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Dispute Resolution
Thursday 7th April 2022 Sunil Patel 

Litigation Budgets, and your rights when settling solicitor’s fees.

When Courts deal with multi-track actions (generally with a value of £25,000 and over) parties represented by solicitors are required to file and serve on the other parties a Budget which is also known as a ‘Precedent H’ form. These budgets which appear in a prescribed form should be discussed by the parties in advance of a hearing called a Costs and Case Management Conference where the Court will assess the figures for each stage and a total sum. The stages cover the whole process of a claim from pre-action correspondence, claim being started right up to the trial. Additional stages allow for negotiation and contingencies. In giving its approval to these figures, the Court deems figures relating to each of the stages of the budget specified and the final figure to be reasonable and proportionate if the case is taken to trial.

The approved budget provides the paying client with some indication about the costs figure they might recover if successful or have to pay if unsuccessful. However, in the event of the latter, the budget filed on behalf of the client may not necessarily set out the liability the client owes to their solicitor. That is usually a matter of the professional retainer and costs advice provided by the solicitor.

There are a number of issues raised in a recent case heard by the Senior Costs Judge, Master Gordon Saker [https://www.bailii.org/ew/cases/EWHC/Costs/2022/B6.html] sitting in the Senior Court Costs Office at the Royal Courts of Justice that is of interest.

Work not carried out within the budget

The budget has been designed to include all the stages of litigation. In completing the form, the solicitor ought to include all the work that has been and is likely to be carried out. Often, due to the unpredictability of litigation, the work carried out, however, necessary is not always included it the budget. Where there is likely to be a departure from the budget, the solicitor can make an application to the Court setting out reasons for seeking an increase with an amended budget for approval. In such circumstances, it would be prudent to seek agreement from the opposing side(s).

A party to the proceedings may ask the Court to examine the Budget when the claim has concluded. The Court will generally examine the issue of costs within the limitations of the budget. There are circumstances in which a Court will depart from an approved budget if satisfied there is a good reason. Such work would have to be ‘reasonably carried out’ and may be unusual in the ‘amount and nature.’ The Court would make such an assessment on a case by case basis.

It is the responsibility of the solicitor to advise their client that the budget has been exceeded and that these costs may not be recovered from the opposing side(s). A simple explanation to the client that costs have been exceeded is not enough. In these circumstances, a client should be told that the budget is being exceeded (possibly by a wide margin) and such costs are unlikely to be recovered from the opposing side.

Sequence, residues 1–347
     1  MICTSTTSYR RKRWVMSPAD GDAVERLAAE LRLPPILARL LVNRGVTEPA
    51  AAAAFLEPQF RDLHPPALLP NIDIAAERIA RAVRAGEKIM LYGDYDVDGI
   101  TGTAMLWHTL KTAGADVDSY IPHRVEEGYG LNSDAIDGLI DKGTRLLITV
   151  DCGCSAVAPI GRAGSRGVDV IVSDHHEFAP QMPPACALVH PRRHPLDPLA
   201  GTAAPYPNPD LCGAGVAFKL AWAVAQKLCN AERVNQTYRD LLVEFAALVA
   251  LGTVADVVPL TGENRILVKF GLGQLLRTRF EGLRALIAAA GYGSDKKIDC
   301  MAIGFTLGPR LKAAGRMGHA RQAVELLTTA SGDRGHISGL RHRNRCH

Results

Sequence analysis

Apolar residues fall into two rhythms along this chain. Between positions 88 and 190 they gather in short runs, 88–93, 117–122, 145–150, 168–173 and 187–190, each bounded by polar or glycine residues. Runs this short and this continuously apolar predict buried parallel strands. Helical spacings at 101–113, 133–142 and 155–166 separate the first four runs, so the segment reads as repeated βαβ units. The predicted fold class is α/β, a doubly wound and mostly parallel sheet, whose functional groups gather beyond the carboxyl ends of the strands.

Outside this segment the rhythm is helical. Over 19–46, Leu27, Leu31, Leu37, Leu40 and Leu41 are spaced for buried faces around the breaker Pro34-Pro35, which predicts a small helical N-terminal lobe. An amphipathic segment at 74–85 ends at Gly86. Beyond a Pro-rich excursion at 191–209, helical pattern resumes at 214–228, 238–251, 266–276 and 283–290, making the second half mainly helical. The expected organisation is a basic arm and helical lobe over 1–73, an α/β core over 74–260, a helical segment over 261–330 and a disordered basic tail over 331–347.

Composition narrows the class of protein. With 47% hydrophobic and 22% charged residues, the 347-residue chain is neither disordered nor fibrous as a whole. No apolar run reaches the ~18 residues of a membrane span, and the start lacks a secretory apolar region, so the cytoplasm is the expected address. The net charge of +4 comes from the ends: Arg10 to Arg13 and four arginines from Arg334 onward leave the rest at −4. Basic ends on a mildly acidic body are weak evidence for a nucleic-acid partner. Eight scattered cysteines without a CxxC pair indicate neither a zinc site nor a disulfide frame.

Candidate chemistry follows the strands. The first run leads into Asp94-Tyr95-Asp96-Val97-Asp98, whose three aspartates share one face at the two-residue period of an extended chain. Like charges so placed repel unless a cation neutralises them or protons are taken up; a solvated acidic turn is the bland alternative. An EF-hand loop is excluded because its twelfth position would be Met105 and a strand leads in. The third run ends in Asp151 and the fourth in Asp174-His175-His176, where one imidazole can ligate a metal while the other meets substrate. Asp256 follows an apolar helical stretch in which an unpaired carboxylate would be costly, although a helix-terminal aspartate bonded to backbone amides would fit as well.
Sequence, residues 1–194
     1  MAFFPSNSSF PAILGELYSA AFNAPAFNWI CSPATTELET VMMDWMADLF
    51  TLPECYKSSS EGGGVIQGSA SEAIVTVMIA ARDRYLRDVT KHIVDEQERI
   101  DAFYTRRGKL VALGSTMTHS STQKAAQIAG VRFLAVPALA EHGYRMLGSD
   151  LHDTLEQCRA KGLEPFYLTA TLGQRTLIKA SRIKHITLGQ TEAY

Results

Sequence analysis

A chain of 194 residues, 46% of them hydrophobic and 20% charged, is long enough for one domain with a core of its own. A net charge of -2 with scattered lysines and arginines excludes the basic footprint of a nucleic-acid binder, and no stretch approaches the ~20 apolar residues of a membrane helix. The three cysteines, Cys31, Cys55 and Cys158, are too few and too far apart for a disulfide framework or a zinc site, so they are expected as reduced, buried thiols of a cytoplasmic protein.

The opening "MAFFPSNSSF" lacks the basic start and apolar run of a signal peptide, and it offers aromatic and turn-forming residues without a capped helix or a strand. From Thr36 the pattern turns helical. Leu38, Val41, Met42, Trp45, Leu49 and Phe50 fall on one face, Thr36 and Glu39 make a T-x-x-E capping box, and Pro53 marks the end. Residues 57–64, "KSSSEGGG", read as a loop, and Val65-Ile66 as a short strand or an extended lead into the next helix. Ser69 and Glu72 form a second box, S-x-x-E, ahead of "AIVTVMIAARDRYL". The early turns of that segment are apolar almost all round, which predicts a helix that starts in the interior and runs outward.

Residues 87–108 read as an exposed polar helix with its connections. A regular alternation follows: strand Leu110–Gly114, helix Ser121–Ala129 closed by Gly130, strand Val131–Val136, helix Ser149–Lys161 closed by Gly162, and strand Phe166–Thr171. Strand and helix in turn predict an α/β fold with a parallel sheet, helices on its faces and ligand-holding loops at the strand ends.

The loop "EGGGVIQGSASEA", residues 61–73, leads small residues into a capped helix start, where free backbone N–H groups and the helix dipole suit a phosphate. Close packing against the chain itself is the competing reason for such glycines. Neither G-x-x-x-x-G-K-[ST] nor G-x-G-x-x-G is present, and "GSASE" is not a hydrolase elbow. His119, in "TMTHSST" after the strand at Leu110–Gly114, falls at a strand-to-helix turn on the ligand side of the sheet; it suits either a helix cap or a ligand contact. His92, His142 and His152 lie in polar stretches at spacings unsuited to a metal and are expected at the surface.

If a solicitor does not advise their client that the budget has been exceeded and that the costs incurred are over and above the figures stated at each stage, there is a real danger that the client will have moved from pursuing a claim where costs were deemed to be reasonable and proportionate to a point where no further costs can be recovered.

This case stresses the importance of a solicitor advising their client of not just costs advice throughout the claim but to also revisit each stage of the budget. Master Gordon Saker stated: I think it very surprising that a solicitor would not tell their client that the budget had been exceeded and that the costs in excess of the budget would not be recoverable. At that point the client is moving from pursuing a claim in which reasonable and proportionate costs will be recoverable to a claim where no further costs will be recoverable in respect of some or all of the phases.

Our litigation solicitors are not just experienced in dealing with claims of a substantial value and complexity but on advising on costs throughout a claim. We are also highly experienced in dealing with proceedings at the Senior Court Costs Office which examine not just the costs being recovered from a losing party in a litigation but also where a client wishes to challenge the costs of their former solicitor.

If you feel you have been affected by any of the issues discussed in this article, please get in touch with Sunil Patel, by email on spatel@jpclaw.co.uk, by telephone on 020 7644 7278, or connect with him on LinkedIn.

 

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